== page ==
I care not what, fo it be wholesome food.
Gru. What say you to a neat's foot?

Kath. 'Tis paffing good; I pr'ythee, let me have it.
Gru. I fear, it is too phlegmatick a meat:—
How fay you to a fat tripe, finely broil'd?

Kath. I like it well; good Grumio, fetch it me.
Gru. I cannot tell; I fear 'tis cholerick.
What say you to a piece of beef, and mustard?
Kath. A difh that I do love to feed upon.
Gru. Ay, but the mustard is too hot a little.
Kath. Why, then the beef, and let the muftard reft.
Gru. Nay, then I will not; you shall have the muftard,
Or else you get no beef of Grumio.

Kath. Then both, or one, or any thing thou wilt.
Gru. Why, then the mustard without the beef.


Kath. Go, get thee gone, thou falfe deluding flave,

[Beats him.


That feed'ft me with the very name of meat:
Sorrow on thee, and all the pack of
That triumph thus upon my misery !
Go, get thee gone, I say.

Enter Petruchio and Hortenfio, with meat.

Pet. How fares my Kate? What sweeting all amort? Hor. Miftrefs, what cheer?

Kath. 'Faith, as cold as can be.

Pet. Pluck up thy fpirits, look chearfully upon me. Here, love; thou fee'ft how diligent I am,

To drefs thy meat myself, and bring it thee :
I am fure, sweet Kate, this kindness merits thanks.
What, not a word? Nay then, thou lov'st it not ;
And all my pains is forted to no proof :-
Here, take away this dish.

Kath. I pray you, let it stand.

Pet. The poorest service is repaid with thanks; And fo fhall mine, before you touch the meat.

Kath. I thank you, fir.

Hor. Signior Petruchio, fye! you are to blame : Come, mistress Kate, I'll bear you company.

Pet. Eat it up all, Hortenfio, if thou lov'ft me.-[Afide. Much good do it unto thy gentle heart!

Kate, eat apace:-And now, my honey love,
Will we return unto thy father's house ;
And revel it as bravely as the beft,

With filken coats, and caps, and golden rings,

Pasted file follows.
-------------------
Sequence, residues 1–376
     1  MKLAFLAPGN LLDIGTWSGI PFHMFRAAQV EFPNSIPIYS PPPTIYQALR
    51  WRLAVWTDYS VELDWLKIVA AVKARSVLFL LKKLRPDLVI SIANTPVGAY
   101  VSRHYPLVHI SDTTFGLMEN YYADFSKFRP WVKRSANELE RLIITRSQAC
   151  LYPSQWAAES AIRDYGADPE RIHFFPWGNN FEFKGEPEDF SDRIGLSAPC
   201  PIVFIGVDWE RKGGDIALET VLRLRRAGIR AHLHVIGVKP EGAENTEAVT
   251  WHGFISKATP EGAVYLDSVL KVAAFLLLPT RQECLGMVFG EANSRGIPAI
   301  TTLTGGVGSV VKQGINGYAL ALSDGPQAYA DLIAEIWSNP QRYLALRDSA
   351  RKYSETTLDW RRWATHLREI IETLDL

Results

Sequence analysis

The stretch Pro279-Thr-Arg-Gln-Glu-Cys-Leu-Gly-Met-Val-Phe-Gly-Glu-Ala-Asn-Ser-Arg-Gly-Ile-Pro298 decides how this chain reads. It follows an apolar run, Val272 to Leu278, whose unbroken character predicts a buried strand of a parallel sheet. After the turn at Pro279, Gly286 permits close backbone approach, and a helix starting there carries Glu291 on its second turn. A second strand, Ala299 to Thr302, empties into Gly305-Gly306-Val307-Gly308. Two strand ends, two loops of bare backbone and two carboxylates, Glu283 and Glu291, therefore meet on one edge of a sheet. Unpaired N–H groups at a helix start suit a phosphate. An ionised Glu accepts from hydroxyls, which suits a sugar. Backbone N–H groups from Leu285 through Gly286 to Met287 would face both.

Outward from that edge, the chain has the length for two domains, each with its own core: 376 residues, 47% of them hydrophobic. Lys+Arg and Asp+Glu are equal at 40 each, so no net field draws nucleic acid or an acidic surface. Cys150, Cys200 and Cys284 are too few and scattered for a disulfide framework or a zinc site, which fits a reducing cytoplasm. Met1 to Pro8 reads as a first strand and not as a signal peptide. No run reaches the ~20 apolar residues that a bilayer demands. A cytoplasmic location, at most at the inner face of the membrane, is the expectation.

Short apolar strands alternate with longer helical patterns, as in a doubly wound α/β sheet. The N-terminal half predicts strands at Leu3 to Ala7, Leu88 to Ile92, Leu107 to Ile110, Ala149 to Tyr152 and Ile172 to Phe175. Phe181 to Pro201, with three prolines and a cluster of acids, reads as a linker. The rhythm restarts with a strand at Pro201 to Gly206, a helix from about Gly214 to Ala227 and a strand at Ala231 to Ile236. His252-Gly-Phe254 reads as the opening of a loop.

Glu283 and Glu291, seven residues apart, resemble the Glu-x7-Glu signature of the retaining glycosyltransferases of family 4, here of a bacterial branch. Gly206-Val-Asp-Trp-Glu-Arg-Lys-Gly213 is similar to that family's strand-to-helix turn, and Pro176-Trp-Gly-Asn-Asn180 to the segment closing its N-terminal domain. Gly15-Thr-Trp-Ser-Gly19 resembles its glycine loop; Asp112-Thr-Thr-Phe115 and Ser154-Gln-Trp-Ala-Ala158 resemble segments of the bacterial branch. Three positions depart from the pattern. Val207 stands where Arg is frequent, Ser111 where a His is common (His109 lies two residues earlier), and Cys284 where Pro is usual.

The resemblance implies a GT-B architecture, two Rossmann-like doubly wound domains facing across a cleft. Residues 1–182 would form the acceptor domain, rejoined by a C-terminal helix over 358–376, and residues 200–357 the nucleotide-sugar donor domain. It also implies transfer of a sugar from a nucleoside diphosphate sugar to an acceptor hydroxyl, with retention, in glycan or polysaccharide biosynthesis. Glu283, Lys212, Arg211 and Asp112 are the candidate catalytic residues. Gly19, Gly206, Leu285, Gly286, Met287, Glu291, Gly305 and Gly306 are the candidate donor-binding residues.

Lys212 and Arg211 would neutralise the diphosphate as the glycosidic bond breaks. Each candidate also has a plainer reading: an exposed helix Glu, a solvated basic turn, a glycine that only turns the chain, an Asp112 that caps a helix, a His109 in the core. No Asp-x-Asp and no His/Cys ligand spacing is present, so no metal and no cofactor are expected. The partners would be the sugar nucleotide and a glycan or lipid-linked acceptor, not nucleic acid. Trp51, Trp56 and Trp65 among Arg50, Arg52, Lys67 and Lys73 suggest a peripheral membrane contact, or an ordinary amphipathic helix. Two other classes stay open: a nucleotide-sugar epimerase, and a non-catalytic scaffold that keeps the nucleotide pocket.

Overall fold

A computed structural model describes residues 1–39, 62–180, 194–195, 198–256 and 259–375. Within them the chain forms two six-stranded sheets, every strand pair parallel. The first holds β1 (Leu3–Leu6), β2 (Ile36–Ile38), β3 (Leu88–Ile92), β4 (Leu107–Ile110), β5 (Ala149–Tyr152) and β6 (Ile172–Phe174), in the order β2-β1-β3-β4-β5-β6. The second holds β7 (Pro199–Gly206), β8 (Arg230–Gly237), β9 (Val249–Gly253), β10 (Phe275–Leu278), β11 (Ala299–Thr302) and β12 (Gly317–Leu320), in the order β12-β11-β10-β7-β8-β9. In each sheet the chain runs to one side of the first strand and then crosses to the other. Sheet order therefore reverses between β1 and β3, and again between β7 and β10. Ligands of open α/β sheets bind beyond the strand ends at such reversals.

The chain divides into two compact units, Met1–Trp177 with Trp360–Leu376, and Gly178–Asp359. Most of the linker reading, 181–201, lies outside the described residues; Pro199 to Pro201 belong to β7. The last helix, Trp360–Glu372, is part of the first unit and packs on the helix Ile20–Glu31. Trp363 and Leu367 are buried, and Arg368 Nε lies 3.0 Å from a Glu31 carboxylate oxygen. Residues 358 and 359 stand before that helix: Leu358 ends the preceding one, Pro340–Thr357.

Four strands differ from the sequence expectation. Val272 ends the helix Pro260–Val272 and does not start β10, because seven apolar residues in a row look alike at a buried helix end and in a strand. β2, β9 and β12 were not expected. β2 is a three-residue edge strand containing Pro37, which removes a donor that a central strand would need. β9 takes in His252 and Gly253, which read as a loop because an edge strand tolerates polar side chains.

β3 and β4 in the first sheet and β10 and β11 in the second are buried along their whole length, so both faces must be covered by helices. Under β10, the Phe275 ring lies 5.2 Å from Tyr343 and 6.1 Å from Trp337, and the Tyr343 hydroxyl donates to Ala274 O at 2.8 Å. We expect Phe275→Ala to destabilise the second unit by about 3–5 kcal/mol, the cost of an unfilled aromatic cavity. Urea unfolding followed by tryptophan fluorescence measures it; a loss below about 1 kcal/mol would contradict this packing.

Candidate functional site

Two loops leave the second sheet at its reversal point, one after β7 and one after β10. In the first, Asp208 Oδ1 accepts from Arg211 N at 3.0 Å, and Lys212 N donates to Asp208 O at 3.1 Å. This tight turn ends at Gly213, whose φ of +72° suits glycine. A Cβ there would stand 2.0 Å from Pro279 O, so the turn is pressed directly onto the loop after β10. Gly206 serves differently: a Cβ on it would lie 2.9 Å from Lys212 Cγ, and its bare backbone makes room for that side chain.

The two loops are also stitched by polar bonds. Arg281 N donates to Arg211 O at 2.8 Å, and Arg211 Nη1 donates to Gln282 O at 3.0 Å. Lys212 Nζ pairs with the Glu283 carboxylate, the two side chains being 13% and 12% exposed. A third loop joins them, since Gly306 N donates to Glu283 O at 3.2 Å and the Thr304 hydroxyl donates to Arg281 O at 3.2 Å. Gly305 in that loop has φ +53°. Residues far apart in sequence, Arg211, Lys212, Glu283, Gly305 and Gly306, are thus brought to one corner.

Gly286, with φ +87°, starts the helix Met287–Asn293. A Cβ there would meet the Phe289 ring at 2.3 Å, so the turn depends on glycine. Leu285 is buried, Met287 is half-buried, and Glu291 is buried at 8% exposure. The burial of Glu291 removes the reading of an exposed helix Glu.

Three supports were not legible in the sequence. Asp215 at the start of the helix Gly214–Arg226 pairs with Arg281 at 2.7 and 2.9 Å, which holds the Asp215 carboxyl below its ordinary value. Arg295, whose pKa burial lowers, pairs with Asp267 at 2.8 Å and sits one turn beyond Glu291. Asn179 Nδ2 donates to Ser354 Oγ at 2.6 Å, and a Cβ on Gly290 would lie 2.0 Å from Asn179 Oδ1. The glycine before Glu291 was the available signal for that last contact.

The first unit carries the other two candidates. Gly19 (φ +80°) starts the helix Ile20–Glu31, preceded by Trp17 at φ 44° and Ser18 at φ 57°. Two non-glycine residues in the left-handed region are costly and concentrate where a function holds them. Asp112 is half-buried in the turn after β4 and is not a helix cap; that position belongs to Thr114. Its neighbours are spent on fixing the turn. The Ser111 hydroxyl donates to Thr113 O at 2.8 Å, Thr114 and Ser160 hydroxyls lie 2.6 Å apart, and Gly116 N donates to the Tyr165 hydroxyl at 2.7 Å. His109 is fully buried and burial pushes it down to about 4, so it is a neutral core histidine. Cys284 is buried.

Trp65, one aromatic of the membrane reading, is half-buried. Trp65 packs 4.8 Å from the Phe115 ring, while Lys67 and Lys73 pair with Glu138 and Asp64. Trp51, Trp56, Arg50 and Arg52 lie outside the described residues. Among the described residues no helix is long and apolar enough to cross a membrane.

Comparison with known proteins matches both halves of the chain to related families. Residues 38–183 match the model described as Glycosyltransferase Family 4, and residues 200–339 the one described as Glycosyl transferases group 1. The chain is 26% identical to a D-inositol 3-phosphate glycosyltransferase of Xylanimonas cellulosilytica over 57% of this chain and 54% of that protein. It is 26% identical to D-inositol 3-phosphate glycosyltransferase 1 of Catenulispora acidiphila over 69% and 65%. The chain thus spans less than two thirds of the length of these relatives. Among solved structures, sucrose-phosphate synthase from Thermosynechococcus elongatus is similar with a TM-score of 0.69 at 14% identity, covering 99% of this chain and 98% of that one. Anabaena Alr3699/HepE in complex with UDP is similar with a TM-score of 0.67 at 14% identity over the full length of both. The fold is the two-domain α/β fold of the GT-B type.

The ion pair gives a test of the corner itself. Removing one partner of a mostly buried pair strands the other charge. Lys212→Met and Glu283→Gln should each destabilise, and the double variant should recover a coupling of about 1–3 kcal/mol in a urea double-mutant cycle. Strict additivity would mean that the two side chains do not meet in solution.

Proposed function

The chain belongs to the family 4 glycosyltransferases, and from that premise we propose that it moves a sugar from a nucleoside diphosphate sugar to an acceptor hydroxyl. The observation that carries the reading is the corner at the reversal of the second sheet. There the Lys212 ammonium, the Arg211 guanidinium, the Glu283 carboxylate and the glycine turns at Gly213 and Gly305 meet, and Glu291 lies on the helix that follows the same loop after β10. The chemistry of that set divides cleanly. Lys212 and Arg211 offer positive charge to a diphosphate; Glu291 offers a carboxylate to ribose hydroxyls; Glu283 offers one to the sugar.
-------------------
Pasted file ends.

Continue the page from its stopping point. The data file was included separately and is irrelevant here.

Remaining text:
With ruffs, and cuffs, and fardingals, and things;

all amort ?]-in the dumps.

is forted to no proof:]-taken to no purpose. and things ;]-toys, trinkets.



With scarfs, and fans, and double change of bravery,
With amber bracelets, beads, and all this knavery.
What, haft thou din'd? The taylor ftays thy leifure,
To deck thy body with his ruftling treasure.-

Enter Taylor.

Come, taylor, let us see these ornaments;

Enter Haberdasher.

Lay forth the gown.-What news with you, fir?
Hab. Here is the cap your worship did befpeak.
Pet. Why, this was moulded on a porringer;
A velvet difh ;-fye, fye! 'tis lewd and filthy:
Why, 'tis a cockle, or a walnut-fhell,
A knack, a toy, a trick, a baby's cap;
Away with it, come, let me have a bigger.


Kath. I'll have no bigger; this " doth fit the time, And gentlewomen wear fuch caps as these.

Pet. When you are gentle, you shall have one too, And not 'till then.

Hor. That will not be in hafte.


Kath. Why, fir, I trust, I may have leave to speak;
And speak I will; I am no child, no babe :
Your betters have endur'd me fay my mind;
And, if you cannot, beft you ftop your ears.

My tongue will tell the anger of my heart;
Or elfe my heart, concealing it, will break:
And, rather than it fhall, I will be free
Even to the uttermoft, as I please, in words.
Pet. Why, thou say'st true; it is a paltry cap,
A 'cuftard-coffin, a bauble, a filken pye:

I love thee well, in that thou lik'ft it not.

doth fit the time,]—is in fashion.

j euftard.coffin,]-like the cruft of a custard.